What is Business Network Redundancy and Why Is It Important?
Data is the lifeblood of any business, but business data is vulnerable. As we have discussed in our article on the risks endangering business data security, compromises in business security data are devastating. And while there are a number of ways to protect your business’ data from such breaches, there’s always more that can be done. That is why network redundancy is so important. It adds another layer of protection that can prevent your IT systems from coming to a screeching halt. If you are vulnerable to debilitating downtime, you could be facing lost customers and sales, and perhaps even legal trouble. So, it’s important to ensure that there are redundancies in place both in your software and hardware systems to prevent such a stoppage.
What is Network Redundancy?
Redundancy is making sure that there are protocols in place so that, if one system within your network fails, there are others to take up the slack in order to minimize downtime as much as possible. That includes both hardware and software systems. This means that, while business network redundancy does include backing up your data on a cloud or similar secure system, there is a lot more to it. In fact, there are many types of redundancy which can improve your network resilience, or how well your system can maintain service despite faults and obstacles that can affect its normal operation. When considering a network redundancy plan for your business, you want to consider the following strategies.
When you back up all of your data onto a cloud server, an external hard drive, or an off-site physical server, you’ve implemented a layer of data redundancy to your business. This gives you a method of keeping your data safe and accessing it in the instance of your primary system going down or getting wiped.
In nearly any business, information needs a way to get from one terminal to another, in order for all who require access to be able to read needed data. This is where it’s important to make sure you have multiple methods of doing so. Then, if a cable goes bad or if a Wi-Fi connection fails, your data has other alternate routes it can take. Think of pathway redundancy as a route you take to get from home to work (or vice versa). If there was only a direct route, any blockage would delay you significantly. If there are other roads that can be taken, you can find an alternate route to get there faster.
If possible, having both wired and wireless connections available can provide a layer of redundancy. If a cable goes bad, the data can still be sent between servers and terminals via secured wireless internet. If the wireless router goes down, you may still be able to connect via the physical cables. Plus, there are special methods of cabling your offices to provide extra layers of redundancy, as well.
Imagine a meteor came down right onto your server. If that was your only physical server, your company would stall instantly while you scrambled to put your data and service back together, if it was possible at all. While this isn’t likely, a number of more plausible issues could pose a physical threat to your server’s hardware, including natural disasters decimating the physical systems, power surges that can fry motherboards and hard drives, and other threats. That’s why you may want to consider implementing hardware redundancy, such as external hard drives, or even entirely separate servers.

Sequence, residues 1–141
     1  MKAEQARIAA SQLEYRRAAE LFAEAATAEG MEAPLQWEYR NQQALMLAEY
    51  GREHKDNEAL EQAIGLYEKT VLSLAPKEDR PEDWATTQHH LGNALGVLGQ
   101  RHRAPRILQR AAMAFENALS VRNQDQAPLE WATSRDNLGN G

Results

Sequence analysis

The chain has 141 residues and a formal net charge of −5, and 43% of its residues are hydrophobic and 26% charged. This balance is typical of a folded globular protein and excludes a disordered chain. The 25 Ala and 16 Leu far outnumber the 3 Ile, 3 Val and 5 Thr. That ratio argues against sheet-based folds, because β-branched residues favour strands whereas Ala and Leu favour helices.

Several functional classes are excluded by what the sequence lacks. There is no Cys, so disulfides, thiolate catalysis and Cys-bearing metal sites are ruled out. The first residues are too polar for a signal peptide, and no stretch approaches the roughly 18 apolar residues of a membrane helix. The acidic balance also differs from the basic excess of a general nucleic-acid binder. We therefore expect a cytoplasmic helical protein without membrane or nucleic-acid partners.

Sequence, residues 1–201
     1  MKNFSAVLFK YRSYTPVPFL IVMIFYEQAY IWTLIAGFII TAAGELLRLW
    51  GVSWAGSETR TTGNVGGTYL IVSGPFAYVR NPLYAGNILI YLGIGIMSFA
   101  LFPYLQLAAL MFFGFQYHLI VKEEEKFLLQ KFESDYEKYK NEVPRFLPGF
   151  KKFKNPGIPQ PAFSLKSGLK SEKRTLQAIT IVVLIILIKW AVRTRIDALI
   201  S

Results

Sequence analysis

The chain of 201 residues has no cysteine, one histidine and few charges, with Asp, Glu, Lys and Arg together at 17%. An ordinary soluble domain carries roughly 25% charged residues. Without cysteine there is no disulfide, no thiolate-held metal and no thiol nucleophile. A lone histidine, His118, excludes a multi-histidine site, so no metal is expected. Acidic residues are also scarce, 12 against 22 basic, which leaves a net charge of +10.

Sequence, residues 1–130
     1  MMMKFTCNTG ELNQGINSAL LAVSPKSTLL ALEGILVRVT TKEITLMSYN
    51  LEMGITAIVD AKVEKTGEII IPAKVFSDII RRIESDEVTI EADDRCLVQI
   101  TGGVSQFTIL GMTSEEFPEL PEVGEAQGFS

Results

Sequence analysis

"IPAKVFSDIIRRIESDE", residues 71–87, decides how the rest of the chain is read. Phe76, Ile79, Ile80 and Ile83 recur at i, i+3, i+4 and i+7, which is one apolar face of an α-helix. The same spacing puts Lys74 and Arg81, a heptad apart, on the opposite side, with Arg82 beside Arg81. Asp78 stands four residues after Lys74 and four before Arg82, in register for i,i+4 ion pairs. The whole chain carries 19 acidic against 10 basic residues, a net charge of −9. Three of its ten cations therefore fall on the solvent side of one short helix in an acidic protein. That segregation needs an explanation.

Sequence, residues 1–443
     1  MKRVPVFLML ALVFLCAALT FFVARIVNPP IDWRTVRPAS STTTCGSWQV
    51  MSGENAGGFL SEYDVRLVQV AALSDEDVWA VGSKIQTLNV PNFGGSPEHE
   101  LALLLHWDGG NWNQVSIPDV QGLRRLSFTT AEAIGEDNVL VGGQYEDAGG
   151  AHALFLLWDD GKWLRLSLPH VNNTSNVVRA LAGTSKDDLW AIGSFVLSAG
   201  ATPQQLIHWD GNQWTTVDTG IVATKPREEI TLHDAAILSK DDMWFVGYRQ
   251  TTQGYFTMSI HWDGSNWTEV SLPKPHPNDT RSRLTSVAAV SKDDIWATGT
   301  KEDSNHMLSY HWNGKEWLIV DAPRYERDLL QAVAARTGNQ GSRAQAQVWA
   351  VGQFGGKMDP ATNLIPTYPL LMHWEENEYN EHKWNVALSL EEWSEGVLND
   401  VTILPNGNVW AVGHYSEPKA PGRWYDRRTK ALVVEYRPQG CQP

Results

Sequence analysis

If the power goes out, you want to make sure your systems don’t shut down immediately. You need to have a way of keeping the power on, even if only long enough to save your data and properly shut down your systems. However, there are methods of power redundancy that can provide electricity to your systems long enough for the primary power source to be restored. Power redundancy systems include battery backups, alternate power supply units, generators, etc.
What if a tornado or severe thunderstorm went through and knocked out the power not just to your office, but to the entire area, or even the whole city? What if it destroyed blocks of property, including your server room? What then? If you have a backup system set up at a data colocation center five blocks away, is there any guarantee that they weren’t hit and hit hard, too? That’s why it’s so important to not just have a backup system, but to have it somewhere that is geographically redundant. In other words, if a natural disaster strikes your area, your backup system is safe and sound, whether it’s on the other side of the state, the other side of the country, or in the cloud.
Redundancy: It Keeps Your Business Going
Redundancy is clearly not superfluous. Though it may seem like a lot to do for contingencies, if done right, it can keep your business operating at normal capacity 99.999% percent of the time. Time is money, and there lies the true importance of business network redundancy. When the unexpected happens, redundancy makes sure that you lose as little time as possible. Many of the aspects of redundancy are intertwined, which makes the most effective solution the most diverse one. The more aspects of redundancy you include, the more each one plays off the other to fully protect your business and minimize the risk of network shutdown.
Whether you want to install a data network; address cabling; or explore data center, cloud, or colocation options, C1C can help you determine the best course of action for your business. We’ll partner with you to design, plan, and implement business network redundancy strategies to protect your business with increased network resilience. Call 855-TECH-C1C (855-832-4212) or contact us online to schedule your free consultation today!